One approach to assessing governance processes, risks and controls at an organization is to use a Control Self-Assessment (CSA) process. Although there are many definitions of a CSA, the Institute of Internal Auditors (IIA) describes it as follows:
A process through which internal control is tested and assessed with the goal of providing a reasonable guarantee that all operational objectives will be attained.
A brief history
The CSA is not a new concept. The first CSA was documented in 1987 by a Canadian internal auditing department that was unhappy with the standard audit techniques being used.
The IIA began to sponsor an annual CSA conference in 1993 in addition to offering Certification in Control Self-Assessment (CCSA) in 1999. Finally, the Sarbanes-Oxley Act (SOX) of 2002 solidified administrative assessment requirements in relation to companies’ internal control systems, including identification of significant processes and key controls at an organization.
Why use Control Self-Assessment (CSAs)?
There are a range of intangible benefits that companies gain by performing control self-assessments.
CSAs provide a structure to analyze a company’s risk profile. It is a methodology that gives stakeholders a guarantee that the internal control systems are reliable. CSAs create a clear line of responsibility, reducing the risk of fraud and strengthening the overall risk profile. They fundamentally integrate the strategic objectives of the business with risk and control processes.
Yet in order for CSAs to provide the organization with these benefits, some steps must be taken, and these three questions can help:
Are internal controls operating as they were designed to operate?
This shows how well ownership and responsibility are incorporated into the risk and control processes.
How is the efficacy of the controls being monitored?
This helps to identify risks and additional opportunities to improve control activities.
How are control deficiencies reported and fixed?
This helps in understanding and resolving problems found.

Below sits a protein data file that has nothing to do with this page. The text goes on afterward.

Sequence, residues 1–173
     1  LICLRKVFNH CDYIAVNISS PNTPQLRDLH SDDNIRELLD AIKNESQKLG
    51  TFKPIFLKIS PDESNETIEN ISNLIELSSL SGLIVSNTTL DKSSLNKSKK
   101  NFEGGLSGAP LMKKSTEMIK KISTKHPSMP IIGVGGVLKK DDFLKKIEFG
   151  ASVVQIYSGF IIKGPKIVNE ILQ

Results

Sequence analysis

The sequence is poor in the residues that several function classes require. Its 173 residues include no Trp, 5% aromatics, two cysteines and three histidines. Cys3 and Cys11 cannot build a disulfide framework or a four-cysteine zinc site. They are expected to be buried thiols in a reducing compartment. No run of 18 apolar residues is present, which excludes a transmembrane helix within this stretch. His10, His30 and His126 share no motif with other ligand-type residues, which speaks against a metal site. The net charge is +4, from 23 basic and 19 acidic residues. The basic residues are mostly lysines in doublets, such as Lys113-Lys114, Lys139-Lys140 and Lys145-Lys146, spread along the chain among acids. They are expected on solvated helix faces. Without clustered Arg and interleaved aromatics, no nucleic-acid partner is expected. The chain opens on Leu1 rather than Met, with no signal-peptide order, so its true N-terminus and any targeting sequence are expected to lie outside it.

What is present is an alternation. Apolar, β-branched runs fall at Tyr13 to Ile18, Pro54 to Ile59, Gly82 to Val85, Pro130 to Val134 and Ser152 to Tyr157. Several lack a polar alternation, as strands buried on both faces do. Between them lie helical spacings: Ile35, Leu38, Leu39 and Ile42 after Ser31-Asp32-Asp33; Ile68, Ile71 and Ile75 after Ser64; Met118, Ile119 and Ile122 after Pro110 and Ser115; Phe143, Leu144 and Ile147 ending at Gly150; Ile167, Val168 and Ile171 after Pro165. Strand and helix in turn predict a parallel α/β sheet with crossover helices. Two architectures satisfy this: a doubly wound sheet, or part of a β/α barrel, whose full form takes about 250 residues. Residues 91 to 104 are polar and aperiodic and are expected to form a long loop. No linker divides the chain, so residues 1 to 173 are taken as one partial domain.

5 critical factors for an effective CSA program
There are several critical factors to successful implementation of an effective CSA program. These are the main ones:
1. Assure that the appropriate stakeholders are involved to support and back this initiative
Auditors alone are unable to sufficiently assess this broad perspective of controls. All stakeholders need to participate and contribute. Start with the owners of the business and control processes.
2. Create a culture of continual improvement
Your culture is constantly evolving, which is why you need to ensure that you have sufficient time and resources to fully conduct the assessment.
3. Involve highly qualified and trained professionals to facilitate the process
With the CSA, the term “control” insinuates a broad structure that encompasses the countless variables that contribute to a company’s capacity to achieve its objectives, with people being the most significant factor at an organization. Take advantage of existing teams, such as the internal auditing department, for example.
4. Define techniques that will be used to execute the CSA
There are various formats and techniques that professionals can choose to implement the CSA. The most common models are workshops and questionnaires. It is important to clearly define how the CSA will be implemented in practice.
5. Have quantitative metrics as well as qualitative assessments
The last thing an organization needs is another verification exercise. Although metrics are necessary for assessment, they are not mutually exclusive of the judgment required as a final basis for assessment.
Would you like to learn more about risks, internal controls and audits? Take a look at these posts that we’ve already written on the subject: